The Russia Investigation: George Papadopoulos

Russia Investigation image by Lenny Ghoul.

Back in October of last year, George Papadopoulos accepted a guilty plea for making false statements to the FBI about contacts he had with representatives of the Russian government who were seeking an improved relationship between the US and Russia. These overtures occurred while Papadopoulos was a foreign policy adviser for the Trump campaign.

In March, 2016, when Trump announced his foreign policy advisers, he described Papadopoulos as an “excellent guy.”  Once news of the plea agreement broke in October of 2017, Trump dismissed Papadopoulos as a “low level volunteer,”  while Michael Caputo referred to him as a “coffee boy” who “never had a role in the campaign.”

In late 2015, Papadopoulos sent his resume to Ben Carson’s campaign, according to an article at Time:

“All the of the Republican foreign policy establishment was working for [Jeb] Bush or Marco [Rubio],” recalled Barry Bennett, who was Ben Carson’s campaign manager at the time. “It was utter and total desperation to find people.”

So when a resume from an unknown young man named George Papadopoulos arrived, unsolicited, at the Carson campaign headquarters, Bennett gave it more attention than it may have deserved.

In a December 8, 2015 press release, the Carson campaign announced the members of its National Security and Foreign Policy Advisory Committee.  Papadopoulos was described as having been “an analyst and research fellow/associate at the Hudson Institute in Washington D.C. His research predominantly focused on the geopolitics and energy security changes of both the Caspian and Eastern Mediterranean and their impact on U.S. strategy.”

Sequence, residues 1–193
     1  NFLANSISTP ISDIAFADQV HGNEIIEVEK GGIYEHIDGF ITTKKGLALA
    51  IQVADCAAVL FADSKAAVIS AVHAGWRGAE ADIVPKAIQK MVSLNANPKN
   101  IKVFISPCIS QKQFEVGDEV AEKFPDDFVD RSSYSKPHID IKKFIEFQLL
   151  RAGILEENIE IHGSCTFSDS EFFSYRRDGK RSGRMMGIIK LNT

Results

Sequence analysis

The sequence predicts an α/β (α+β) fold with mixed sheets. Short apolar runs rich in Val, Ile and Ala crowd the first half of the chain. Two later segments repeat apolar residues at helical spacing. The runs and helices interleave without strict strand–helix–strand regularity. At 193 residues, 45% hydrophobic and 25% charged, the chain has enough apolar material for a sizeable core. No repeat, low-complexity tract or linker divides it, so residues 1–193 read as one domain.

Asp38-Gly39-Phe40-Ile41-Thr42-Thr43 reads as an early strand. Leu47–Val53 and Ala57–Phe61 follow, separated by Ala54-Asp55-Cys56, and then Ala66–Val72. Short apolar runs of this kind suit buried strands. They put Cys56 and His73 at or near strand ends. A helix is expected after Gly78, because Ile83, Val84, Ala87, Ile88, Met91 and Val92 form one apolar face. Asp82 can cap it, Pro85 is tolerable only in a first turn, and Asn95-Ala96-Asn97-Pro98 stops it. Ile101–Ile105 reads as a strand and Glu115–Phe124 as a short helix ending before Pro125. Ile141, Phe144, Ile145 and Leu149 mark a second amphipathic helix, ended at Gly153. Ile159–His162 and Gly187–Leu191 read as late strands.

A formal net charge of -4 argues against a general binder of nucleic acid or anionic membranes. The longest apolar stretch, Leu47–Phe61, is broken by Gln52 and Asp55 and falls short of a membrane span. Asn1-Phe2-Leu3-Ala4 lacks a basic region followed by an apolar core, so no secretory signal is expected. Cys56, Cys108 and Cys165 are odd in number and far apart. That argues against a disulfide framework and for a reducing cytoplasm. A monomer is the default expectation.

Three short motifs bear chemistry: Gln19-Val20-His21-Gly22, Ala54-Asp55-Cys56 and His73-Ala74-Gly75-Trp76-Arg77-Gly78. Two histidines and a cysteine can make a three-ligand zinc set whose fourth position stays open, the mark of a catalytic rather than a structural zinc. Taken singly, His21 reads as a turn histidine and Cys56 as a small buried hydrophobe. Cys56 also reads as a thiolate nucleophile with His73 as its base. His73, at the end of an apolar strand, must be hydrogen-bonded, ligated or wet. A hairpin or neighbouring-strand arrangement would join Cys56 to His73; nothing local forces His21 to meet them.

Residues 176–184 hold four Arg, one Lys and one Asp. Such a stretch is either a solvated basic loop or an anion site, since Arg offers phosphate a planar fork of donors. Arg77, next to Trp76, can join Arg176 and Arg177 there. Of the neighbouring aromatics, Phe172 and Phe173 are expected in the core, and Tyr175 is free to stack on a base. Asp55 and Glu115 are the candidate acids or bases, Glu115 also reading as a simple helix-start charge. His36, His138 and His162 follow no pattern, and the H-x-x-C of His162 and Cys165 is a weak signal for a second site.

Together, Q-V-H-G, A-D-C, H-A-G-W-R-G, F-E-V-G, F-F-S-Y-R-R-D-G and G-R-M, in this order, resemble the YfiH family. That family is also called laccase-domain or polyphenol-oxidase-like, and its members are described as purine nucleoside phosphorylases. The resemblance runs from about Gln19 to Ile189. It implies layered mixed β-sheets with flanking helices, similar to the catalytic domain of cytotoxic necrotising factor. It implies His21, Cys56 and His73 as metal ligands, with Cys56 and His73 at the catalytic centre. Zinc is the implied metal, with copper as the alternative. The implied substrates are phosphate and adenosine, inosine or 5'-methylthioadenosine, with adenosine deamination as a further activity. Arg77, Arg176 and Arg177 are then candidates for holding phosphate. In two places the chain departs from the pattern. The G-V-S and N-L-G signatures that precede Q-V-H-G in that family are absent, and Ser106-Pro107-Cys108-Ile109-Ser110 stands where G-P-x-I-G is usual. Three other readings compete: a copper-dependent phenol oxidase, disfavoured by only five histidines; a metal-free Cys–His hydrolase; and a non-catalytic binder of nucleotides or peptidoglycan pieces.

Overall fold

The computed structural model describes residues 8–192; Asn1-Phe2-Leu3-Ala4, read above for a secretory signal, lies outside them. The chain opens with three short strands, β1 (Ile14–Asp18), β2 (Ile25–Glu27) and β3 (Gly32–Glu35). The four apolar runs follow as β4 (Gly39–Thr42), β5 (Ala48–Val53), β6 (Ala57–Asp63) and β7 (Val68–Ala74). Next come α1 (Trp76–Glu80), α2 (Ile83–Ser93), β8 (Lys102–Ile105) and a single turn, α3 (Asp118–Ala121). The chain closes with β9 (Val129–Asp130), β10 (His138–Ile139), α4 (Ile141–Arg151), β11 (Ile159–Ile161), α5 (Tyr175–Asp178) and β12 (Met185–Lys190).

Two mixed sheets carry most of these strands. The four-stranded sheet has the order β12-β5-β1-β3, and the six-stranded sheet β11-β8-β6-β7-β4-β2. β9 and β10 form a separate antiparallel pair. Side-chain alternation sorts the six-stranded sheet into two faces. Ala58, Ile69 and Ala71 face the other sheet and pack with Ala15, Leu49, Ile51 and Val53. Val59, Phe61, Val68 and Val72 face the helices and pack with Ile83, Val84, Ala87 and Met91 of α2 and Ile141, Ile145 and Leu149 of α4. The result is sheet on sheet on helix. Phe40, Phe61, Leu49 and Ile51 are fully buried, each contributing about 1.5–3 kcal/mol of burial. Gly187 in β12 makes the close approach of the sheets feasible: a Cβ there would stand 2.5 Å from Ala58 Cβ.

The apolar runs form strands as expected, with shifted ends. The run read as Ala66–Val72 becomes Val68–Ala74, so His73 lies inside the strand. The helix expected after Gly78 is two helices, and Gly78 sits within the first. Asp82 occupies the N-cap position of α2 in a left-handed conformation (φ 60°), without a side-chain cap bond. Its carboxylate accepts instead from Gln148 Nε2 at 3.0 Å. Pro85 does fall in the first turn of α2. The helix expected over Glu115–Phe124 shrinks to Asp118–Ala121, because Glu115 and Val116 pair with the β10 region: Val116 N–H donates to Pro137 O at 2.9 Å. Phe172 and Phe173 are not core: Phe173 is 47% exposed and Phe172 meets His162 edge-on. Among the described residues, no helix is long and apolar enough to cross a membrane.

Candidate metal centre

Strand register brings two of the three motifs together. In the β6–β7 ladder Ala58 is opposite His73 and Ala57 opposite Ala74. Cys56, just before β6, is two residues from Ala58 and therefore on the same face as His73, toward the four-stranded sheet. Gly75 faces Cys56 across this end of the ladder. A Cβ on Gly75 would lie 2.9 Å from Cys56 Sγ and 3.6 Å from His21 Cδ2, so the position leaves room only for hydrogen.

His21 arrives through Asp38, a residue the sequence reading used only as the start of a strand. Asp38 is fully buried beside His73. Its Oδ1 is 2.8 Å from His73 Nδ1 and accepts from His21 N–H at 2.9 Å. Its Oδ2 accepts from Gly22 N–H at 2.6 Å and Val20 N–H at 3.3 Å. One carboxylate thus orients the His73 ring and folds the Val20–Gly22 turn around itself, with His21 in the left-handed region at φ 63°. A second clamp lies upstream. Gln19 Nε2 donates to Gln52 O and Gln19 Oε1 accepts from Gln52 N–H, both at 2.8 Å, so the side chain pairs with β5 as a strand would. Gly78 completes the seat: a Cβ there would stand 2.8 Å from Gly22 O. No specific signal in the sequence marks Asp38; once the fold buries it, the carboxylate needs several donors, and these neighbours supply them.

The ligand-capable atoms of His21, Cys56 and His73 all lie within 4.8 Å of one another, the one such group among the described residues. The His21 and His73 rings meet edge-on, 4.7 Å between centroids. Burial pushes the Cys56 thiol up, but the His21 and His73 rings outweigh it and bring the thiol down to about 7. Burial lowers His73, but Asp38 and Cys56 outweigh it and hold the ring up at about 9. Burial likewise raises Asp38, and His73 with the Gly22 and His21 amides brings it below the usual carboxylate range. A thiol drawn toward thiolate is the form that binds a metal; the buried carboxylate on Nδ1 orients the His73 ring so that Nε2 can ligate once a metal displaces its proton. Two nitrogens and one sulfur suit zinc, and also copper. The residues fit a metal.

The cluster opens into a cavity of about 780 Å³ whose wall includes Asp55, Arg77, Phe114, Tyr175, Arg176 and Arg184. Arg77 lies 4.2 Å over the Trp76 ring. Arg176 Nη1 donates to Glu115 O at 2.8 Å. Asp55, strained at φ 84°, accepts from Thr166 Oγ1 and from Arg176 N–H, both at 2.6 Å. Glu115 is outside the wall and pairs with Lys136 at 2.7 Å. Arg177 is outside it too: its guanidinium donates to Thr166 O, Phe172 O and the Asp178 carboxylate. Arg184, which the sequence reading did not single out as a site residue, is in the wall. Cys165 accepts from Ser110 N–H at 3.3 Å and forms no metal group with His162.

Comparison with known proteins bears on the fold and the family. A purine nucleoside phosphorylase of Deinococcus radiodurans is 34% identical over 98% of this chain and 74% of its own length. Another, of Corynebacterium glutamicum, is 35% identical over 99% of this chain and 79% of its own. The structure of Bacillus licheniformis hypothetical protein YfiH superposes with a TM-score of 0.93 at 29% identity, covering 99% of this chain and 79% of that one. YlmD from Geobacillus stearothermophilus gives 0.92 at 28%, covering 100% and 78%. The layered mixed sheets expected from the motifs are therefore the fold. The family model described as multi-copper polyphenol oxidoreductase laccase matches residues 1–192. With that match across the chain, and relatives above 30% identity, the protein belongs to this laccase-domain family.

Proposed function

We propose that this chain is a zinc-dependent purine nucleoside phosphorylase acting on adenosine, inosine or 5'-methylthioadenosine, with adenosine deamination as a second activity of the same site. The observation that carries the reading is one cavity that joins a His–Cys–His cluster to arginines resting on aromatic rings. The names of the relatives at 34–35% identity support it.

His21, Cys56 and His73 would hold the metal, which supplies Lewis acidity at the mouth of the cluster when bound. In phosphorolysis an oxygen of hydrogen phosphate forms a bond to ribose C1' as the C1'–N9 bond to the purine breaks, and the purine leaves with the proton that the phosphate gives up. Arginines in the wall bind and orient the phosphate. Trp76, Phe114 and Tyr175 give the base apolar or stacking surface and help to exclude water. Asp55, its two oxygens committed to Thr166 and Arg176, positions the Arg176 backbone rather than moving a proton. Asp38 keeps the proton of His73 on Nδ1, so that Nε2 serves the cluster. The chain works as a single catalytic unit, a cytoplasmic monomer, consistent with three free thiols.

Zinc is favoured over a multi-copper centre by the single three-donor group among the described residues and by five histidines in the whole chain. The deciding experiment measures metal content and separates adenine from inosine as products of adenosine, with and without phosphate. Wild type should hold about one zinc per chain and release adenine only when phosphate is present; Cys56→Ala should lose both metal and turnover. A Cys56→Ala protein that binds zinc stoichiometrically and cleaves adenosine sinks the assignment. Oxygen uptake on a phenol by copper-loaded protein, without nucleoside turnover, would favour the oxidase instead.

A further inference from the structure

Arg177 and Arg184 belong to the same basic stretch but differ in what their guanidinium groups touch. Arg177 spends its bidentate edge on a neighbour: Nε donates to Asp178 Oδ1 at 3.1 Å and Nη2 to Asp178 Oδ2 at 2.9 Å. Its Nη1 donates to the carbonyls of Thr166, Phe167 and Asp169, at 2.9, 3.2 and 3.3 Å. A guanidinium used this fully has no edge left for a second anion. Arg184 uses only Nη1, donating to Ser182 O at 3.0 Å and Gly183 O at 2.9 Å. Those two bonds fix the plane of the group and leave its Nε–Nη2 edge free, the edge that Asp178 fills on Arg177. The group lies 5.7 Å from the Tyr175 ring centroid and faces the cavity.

More from the Time article:

“No one in the Carson campaign remembers much about Papadopoulos, perhaps in part because he worked remotely from Chicago,” Bennett said. “If there was any work output, I never saw it,” he told TIME. “It never ended up on my desk.”

“I don’t remember the guy,” Shermichael Singleton, Carson’s communications director told TIME. “I remember his name in emails, but I can’t remember meeting him. I don’t want to lie — maybe we did meet once or twice — but I don’t remember it.”

Jason Osborne, another senior official in Carson’s campaign, had an equally muddy recollection. “Honestly I only remember his name because it was unique and reminded me of Webster,” he wrote in an email to TIME, referencing a television show from the late 1980s that featured the Papadopolis family.

Papadopoulos received only a partial payment for his Carson campaign work in February, 2016.  By the following month, he was recruited by Sam Clovis to join Trump’s foreign policy team.

From the “Statement of the Offense” filing against Papadopoulos:

In early March 2016, defendant PAPAPDOPOULOS learned he would be a foreign policy adviser for the [Trump] Campaign. Defendant PAPAPDOPOULOS was living in London, England, at the time. Based on a conversation that took place on or about March 6, 2016, with a supervisory campaign official (the “Campaign Supervisor”), defendant PAPAPDOPOULOS understood that a principal foreign policy focus of the Campaign was an improved U.S. relationship with Russia.

On March 14, 2016, while traveling in Italy, Papadopoulos met Josef Mifsud, who claimed to be a professor based in London.  Mifsud seemed uninterested in Papadopoulos until he learned the younger man had joined the Trump campaign.  Mifsud also claimed he had substantial connections to Russian government officials, which Papadopoulos thought could increase his importance as a foreign policy adviser to the campaign.